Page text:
Royal Mail is marking the 500th anniversary of the death of Leonardo da Vinci on February 13, with a set of 12 stamps featuring a selection of his drawings held by the Royal Collection.

The 550 drawings in the collection were acquired by King Charles II around 1670 and are one of the world’s most important hoards of Leonardo’s original work. Almost 150 examples are being displayed separately at 12 museums and galleries across the UK this year, and then subsequently together in the Queen’s Gallery at Buckingham Palace.

An artist, engineer, inventor, anatomist, botanist, mathematician, astronomer and cartographer, widely regarded as the quintessential genius of the Renaissance, Leonardo was born at Vinci in the Republic of Florence in 1452, and died at Amboise in France in May 1519.

He was a tireless illustrator, making sketches to develop his artistic compositions and record his scientific observations. He often annotated his drawings in mirror-writing, written left-handed from right to left and easily readable in the mirror.

Designed by Kate Stephens and printed in litho by International Security Printers, the stamps come in two se-tenant strips of six.

1st class The Skull Sectioned

Pen and ink drawing of 1489, showing a human skull cut in a variety of sections to study its structure.

1st class A Sprig of Guelder-Rose

Red chalk on orange-red paper drawing of c1506-12, rendered in far more detail than would usually be necessary as preparation for a painting.

1st class Studies of Cats

Pen and ink drawing of c1517, observed directly from life, in preparation for a treatise on the movement and flexibility of quadrupeds.

1st class The Anatomy of the Shoulder and Foot

Pen and ink drawing of c1510, studying the arrangement of bones and muscles in two parts of human anatomy, in progressive states of dissection.

1st class A Star-of-Bethlehem and other plants

Pen and ink over red chalk drawing of c1506-12, a study made in preparation for the foreground flora in the lost painting Leda & The Swan.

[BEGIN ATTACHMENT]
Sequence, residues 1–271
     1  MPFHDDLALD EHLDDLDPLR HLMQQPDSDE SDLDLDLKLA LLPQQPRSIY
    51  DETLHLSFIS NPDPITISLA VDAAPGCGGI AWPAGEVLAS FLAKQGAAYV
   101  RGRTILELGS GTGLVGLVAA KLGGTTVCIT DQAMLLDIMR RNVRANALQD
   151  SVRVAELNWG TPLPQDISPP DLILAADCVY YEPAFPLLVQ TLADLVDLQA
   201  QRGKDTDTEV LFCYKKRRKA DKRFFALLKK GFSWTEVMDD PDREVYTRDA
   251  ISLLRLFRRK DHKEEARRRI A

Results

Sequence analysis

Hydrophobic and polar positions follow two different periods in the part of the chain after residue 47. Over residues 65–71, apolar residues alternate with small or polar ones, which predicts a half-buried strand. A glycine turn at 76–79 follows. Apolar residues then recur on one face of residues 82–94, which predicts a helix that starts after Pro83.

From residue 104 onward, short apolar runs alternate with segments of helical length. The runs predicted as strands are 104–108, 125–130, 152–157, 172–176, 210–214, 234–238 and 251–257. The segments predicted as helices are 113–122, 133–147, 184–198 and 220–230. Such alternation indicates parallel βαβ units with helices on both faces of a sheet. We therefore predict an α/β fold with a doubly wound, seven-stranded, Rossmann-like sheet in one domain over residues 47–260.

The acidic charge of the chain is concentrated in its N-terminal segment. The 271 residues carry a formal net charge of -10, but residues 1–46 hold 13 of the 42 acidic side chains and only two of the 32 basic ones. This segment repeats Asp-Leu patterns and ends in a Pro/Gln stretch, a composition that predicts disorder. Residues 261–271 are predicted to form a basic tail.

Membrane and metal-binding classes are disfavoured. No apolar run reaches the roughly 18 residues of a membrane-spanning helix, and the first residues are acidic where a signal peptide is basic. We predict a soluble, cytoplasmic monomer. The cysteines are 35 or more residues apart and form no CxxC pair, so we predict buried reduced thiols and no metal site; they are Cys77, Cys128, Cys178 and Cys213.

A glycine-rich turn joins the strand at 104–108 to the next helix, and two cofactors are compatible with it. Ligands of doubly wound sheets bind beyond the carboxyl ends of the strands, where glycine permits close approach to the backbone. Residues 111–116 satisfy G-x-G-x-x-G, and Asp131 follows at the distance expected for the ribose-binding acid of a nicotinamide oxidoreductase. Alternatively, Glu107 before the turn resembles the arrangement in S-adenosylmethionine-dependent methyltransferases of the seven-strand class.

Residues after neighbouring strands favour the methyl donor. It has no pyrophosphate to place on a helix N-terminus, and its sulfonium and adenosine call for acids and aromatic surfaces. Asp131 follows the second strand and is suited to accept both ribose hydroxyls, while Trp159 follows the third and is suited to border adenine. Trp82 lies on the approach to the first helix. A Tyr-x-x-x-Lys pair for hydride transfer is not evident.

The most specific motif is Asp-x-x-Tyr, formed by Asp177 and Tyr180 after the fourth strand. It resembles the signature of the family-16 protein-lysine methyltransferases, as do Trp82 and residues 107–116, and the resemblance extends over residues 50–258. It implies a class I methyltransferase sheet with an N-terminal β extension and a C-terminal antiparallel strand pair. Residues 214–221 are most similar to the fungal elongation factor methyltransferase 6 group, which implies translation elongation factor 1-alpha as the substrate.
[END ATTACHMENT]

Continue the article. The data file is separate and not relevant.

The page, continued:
1st class The Head of Leda

Pen and ink over black chalk drawing of c1505, in preparation for a painting of the mythical Queen of Sparta which was once part of the French royal collection but no longer survives.

1st class The Head of a Bearded Man

Black chalk drawing of c1517, one of many classical male profiles inspired by the ancient coins of Roman Emperors.

1st class The Skeleton

Pen and ink drawing of c1510, concentrating on the structure of bones and muscles, in preparation for a treatise on human anatomy.

1st class The Head of St Philip

Black chalk drawing of c1495, one of many studies made in preparation for The Last Supper, the famous mural in the monastic church of Santa Maria delle Grazie in Milan.

1st class A Woman in a Landscape

Black chalk drawing of c1517, whose purpose is unknown, but which employs two of Leonardo’s favourite graphic devices, a mysterious smile and a pointing hand.

1st class A Design for an Equestrian Monument

Silverpoint on blue paper drawing of c1485, in preparation for a bronze statue of Francesco Sforza, Duke of Milan, which was never completed.

1st class The Fall of Light on a Face

Pen and ink drawing of c1488, setting out the geometrical principles of light and shade, in preparation for a treatise on the theory of painting.

 

OTHER PRODUCTS

The presentation pack, written by Martin Clayton, Head of Prints & Drawings at the Royal Collection Trust, provides an insight into the life and works of Leonardo, with a further selection of his illustrations. Stamp cards and a first day cover are available as usual.

 

PRICES

Set of 12 stamps   £8.04

Presentation pack   £8.75

Stamp cards   £5.40

First day cover   £10.20

 

VERDICT

COMMEMORATIVE WORTH   1/5

Impressive as the Royal Collection is, the artist himself has no British connection

QUALITY OF DESIGN   2/5

Add stamp design to the list of Leonardo’s talents, although some images work better than others

WOW FACTOR   2/5

Only half the illustrations will be stunning at stamp size, no matter how skilled the man wielding the pen